Then, ever so gently, peel off the tape slowly, for your stunning reveal! (Wipe off any oil with a dry, clean cloth)
And there you have it!
What colors are you toying around with, to get that gold dipped look?
So, my last entry described my dining set – simple black – and prepared you for it’s new look. Here are the before and after pictures.. The table and seats, plain black (before):
Well!? A hit or a miss? I’m amused that I settled for pink, considering I’m not particularly a pink kind of chic. I’m more inclined to earth tones, burnt rich colors and eclectic tones. My daughter is the inspiration behind this. She’s a pink-purple glitter diva. So she can enjoy the table. For two weeks or so. Before I go all Marangi on it! I really had a great time playing with different color combinations on this dining set!
Got to say though, sanding and smoothing out the table and chairs was so NOT fun. That’s one element of DIY I don’t enjoy – at all. I had to sand my walls before I painted my house, it wasn’t even funny. Doesn’t work for impatient persons such as myself.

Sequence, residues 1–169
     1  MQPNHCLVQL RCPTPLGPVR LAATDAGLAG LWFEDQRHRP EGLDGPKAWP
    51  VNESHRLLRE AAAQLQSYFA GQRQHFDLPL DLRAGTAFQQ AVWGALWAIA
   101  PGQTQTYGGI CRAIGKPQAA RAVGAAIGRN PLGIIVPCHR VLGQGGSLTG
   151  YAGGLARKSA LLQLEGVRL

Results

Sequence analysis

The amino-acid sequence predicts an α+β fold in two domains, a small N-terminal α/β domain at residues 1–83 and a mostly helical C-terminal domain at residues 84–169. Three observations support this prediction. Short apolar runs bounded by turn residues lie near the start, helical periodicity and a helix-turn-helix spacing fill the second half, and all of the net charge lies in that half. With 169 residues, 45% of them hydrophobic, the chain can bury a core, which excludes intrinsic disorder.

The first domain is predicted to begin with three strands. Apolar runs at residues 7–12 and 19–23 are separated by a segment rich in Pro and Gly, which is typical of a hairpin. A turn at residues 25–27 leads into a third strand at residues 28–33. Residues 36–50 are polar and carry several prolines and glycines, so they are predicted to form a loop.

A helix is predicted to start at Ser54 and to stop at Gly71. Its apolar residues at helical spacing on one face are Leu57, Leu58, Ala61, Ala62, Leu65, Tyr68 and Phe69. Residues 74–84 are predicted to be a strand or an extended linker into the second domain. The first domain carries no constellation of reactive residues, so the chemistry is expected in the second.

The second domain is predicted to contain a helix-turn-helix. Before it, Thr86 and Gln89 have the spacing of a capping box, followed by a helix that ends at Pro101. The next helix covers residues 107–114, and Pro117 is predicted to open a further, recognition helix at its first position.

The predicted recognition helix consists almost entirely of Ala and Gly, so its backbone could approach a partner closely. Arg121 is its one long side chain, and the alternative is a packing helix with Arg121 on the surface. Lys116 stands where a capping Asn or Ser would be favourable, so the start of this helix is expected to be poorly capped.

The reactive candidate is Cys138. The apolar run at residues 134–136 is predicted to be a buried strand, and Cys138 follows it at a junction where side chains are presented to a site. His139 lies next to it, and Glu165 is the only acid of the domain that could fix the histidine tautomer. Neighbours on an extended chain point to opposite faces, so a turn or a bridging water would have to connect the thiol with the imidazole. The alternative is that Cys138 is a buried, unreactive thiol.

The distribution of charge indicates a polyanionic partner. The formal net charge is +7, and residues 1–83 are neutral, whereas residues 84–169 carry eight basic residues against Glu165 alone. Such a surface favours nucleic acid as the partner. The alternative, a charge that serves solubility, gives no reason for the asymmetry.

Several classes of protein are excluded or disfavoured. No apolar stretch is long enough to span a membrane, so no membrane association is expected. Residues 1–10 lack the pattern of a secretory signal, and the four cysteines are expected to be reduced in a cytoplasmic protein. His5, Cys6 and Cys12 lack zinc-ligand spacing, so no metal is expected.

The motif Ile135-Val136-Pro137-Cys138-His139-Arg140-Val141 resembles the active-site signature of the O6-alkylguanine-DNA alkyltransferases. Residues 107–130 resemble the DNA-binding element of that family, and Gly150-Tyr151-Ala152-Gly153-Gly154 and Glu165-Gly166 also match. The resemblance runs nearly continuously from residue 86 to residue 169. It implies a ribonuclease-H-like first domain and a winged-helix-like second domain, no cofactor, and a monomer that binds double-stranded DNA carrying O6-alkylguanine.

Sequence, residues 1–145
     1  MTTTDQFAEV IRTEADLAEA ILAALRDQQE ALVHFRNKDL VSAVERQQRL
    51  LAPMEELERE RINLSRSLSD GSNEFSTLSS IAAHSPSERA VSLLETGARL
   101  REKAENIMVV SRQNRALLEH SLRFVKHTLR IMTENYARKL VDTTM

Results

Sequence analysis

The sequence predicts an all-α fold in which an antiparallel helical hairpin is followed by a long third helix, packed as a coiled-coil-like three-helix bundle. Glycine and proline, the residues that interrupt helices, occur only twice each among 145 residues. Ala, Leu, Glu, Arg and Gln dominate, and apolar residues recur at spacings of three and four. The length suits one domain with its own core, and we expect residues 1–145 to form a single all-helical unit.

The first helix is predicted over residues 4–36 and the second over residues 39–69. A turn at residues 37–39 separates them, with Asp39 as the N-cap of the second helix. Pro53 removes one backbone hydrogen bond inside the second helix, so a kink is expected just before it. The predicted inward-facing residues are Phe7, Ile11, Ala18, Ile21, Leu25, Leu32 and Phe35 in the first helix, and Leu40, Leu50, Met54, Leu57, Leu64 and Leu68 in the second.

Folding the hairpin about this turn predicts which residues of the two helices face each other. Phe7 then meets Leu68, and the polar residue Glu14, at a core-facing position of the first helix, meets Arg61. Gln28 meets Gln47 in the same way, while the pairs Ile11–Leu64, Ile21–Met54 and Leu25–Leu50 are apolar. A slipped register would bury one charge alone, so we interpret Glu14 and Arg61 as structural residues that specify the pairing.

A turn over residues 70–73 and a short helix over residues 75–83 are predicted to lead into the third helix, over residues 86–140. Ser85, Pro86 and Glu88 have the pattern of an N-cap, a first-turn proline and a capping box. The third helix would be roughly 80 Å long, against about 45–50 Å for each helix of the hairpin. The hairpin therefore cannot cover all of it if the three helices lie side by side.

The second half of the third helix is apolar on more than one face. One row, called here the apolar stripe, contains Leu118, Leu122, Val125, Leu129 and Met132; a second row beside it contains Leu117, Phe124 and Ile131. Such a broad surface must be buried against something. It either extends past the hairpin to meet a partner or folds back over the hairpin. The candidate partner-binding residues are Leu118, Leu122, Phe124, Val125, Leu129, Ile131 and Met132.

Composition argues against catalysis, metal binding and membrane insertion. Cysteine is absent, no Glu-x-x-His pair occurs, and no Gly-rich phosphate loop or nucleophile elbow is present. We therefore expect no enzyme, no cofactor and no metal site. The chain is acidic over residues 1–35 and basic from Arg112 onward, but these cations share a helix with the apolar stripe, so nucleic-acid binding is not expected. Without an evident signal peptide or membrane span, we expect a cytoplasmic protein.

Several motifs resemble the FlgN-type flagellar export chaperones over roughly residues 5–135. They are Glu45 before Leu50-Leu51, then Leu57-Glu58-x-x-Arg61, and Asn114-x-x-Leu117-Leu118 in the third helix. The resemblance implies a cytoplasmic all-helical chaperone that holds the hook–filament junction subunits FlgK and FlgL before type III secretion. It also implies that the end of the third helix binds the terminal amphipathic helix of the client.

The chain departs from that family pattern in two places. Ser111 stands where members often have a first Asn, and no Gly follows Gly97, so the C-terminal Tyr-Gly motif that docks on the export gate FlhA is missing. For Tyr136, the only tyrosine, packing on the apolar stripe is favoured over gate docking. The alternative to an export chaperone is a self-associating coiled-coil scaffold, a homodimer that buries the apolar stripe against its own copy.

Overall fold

Waiting out the ‘primers’ season’ (above) is also a patience-trying season. I used two different primers, for two different reasons; – When upholstering wood, it’s absolutely essential to ‘treat’ the wood with a wood-primer, because in the process of sanding, you strip off the primer originally sealed in and your furniture becomes vulnerable to rot, wood-loving vermins, stuff like that. – After 24-48 hours of treating my wood, I applied a base primer, because I was going to use a different texture of paint. The dining set originally had black glossy paint on; I intended to use silk. Without a primer, it’s likely that the new layer of pain will either look runny, or will chip in no time. A base primer absorbs the oil in the glossy texture and fully absorbs any new coats of paint. The white paint on the chairs (above) have one coat of base primer. It’s recommended to apply two thin coats of base primer, with 12-24 hours in-between coats. Wot! I was so eager to smear paint all over those babies. Finally, I did! And boy did I work it! I tried silk paints, matte finishes, a dash of metallic (that stuff is darn expensive) and you guessed it, spray paints!